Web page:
Anstie's limit (Anstie's rule or Ansties alcohol limit) refers to the amount of alcohol that Francis E. Anstie, M.D., (1833-1874) believed, on the basis of his research, could be consumed daily with no ill effects. It is 1.5 ounces of pure ethanol, equivalent to two and one-half standard drinks of beer, wine or distilled spirits.
Francis Anstie was a leading medical researcher in England who was editor of The Practioner and a member of the editorial board of The Lancet. "His stature in the medical world was such that he was offered several professorships in American medical schools."1
Anstie identified his famous limit in 1864, but temperance writers strongly opposed it because they promoted complete abstention from all alcoholic beverages. With the passage of time the temperance movement grew increasingly powerful and interest in Anstie's limit declined.
In 1926, Dr. Raymond Pearl accidentally discovered something even more important about Anstie's limit: Those who consume alcohol within that limit tend to enjoy better health and live longer than those who either abstain from alcohol or abuse it. Dr. Pearl's ground breaking research occurred during the middle of National Prohibition (1920-1933) and therefore, received little attention. Nevertheless, over time, an increasing volume of research has found that consumption within Anstie's limit is associated with health and longevity.
The National Institute on Alcohol Abuse and Alcoholism (NIAAA) has completed an extensive review of current scientific knowledge about the health effects of moderate alcohol consumption. It found that the lowest death rate from all causes occurs with moderate drinking. That is consistent with the medical consensus that, unless contraindicated, moderate drinking promotes both good health and a long life.
Although temperance activists opposed it, Anstie's limit has been vindicated by scientific medical research.
- 1. Baldwin, A.D. Anstie's alcohol limit. Journal of Public Health, 1977, 67(7), 680.
Readings on Anstie's limit (Anstie's rule, Anstie's alcohol limit, Anstie's limit of sensible drinking):
- Anstie's limit. Alcohol Problems and Solutions Glossary https://www.alcoholproblemsandsolutions.org/references/Glossary.html
- Babor, T.E., et al. Social drinking as a health and psychosocial risk factor. Anstie's limit revisited. Recent Developments in Alcoholism, 1987, 5(373), 373-402.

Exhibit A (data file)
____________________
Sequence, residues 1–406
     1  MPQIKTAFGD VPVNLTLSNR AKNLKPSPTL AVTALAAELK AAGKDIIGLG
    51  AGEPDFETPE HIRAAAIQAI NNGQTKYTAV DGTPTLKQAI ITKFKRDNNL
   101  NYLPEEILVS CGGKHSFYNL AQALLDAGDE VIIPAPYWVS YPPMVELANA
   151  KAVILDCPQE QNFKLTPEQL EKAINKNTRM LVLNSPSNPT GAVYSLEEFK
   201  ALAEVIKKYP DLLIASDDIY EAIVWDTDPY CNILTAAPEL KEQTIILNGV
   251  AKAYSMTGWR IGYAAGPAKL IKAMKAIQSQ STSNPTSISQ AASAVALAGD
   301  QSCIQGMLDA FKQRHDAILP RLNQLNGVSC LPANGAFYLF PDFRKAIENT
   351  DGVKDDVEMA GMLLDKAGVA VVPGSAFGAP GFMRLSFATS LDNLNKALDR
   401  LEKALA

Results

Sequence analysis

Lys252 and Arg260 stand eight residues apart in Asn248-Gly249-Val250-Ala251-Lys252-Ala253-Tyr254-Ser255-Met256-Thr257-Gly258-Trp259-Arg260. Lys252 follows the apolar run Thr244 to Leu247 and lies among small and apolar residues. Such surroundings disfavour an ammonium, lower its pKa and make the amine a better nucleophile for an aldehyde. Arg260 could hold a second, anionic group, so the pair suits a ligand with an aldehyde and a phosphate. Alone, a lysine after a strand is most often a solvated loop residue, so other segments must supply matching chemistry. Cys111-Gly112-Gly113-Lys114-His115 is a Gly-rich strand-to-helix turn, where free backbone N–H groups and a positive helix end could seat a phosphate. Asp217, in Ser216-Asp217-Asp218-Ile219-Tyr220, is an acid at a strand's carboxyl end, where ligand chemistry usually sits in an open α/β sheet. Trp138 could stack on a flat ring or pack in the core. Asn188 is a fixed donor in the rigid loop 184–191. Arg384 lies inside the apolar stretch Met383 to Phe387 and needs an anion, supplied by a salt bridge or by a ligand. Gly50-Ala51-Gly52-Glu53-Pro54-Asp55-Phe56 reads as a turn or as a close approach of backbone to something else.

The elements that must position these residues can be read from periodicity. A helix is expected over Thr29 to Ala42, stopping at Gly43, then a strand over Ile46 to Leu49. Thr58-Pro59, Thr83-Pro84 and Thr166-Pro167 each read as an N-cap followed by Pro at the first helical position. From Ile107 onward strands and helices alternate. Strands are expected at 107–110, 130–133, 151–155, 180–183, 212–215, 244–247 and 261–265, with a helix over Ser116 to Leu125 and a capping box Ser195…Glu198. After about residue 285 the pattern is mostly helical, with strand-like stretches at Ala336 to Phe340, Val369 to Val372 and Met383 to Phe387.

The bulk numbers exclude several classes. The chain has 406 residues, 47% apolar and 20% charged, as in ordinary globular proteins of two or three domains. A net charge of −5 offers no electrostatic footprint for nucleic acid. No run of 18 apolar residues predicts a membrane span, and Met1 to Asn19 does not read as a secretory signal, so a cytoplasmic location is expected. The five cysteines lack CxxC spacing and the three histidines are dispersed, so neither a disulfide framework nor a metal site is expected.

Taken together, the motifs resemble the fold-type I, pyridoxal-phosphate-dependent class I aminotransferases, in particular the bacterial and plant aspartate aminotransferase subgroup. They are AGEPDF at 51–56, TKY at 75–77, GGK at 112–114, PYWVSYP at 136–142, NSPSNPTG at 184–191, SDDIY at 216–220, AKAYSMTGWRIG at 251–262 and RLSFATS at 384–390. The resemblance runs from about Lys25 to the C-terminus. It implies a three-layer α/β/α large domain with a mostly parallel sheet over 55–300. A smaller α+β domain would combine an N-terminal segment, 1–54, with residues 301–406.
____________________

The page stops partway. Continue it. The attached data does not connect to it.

- Baldwin, A.D. Anstie's alcohol limit. American Journal of Public Health, 1977, 67(7), 679-681.
- Ball, D., et al. In celebration of sensible drinking. Drugs: Education, Prevention, Policy. 2007, 14(2), 97-102. Discusses Anstie's limit.
- Bradley, K.A., et al. How much is too much? Advising patients about safe levels of alcohol consumption. Archives of Internal Medicine, 1993, 153(24), 2734-2740. Describes Anstie's limit.
- Buzzard, T. The Late Dr. Anstie. Practitioner, 1876, 16, 1-43. Obituary of Dr. Anstie.
- Chafetz, M.E. Why Drinking Can be Good for You. NY: Stein & Day, 1976. Discusses Anstie's limit.
- Edidemiology. Cheers! (editorial) Epidemiology, 1990, 1(5), 337-339. Discusses Anstie's limit.
- Fisk, E.L. Alcohol and life insurance. Atlantic Monthly, 1916, 118, 624-634. Describes use of Anstie's limit in actuarial analyses.
- Hunter, A. effects of alcohol on longevity. Medical Review of Reviews, 1915, 21, 16-25. Describes use of Anstie's limit in actuarial analyses.
- Kranzler, H., and Babor, T. The identification and treatment of alcohol abuse and dependence. Annals of Clinical Psychiatry, 1990, 2(4), 229-238. Discusses Anstie's limit.
- Marczynski, K., et al. Prevalence and determinants of alcohol-related problems. American Journal of Drug and Alcohol Abuse, 1999, 25(4), 715. Discusses Ansties limit.
- Symonds, B. Albuminuria in life insurance. American Journal of the Medical Sciences. 1898, 115(4), 377-383. Describes use of Anstie's limit in predicting mortality rate.
- Thompson, V. Drink and be Sober. NY: Moffat Yard & Co., 1915. Discusses Anstie's limit.
- Publications Related to Anstie's Limit by Dr. Francis Anstie
- Francis E. Anstie. Is it food, medicine, or poison. Cornhill Magazine,
1862, 5, 707-716.
- Francis E. Anstie. Does alcohol act as a food? Cornhill Magazine.1862,6, 319-329.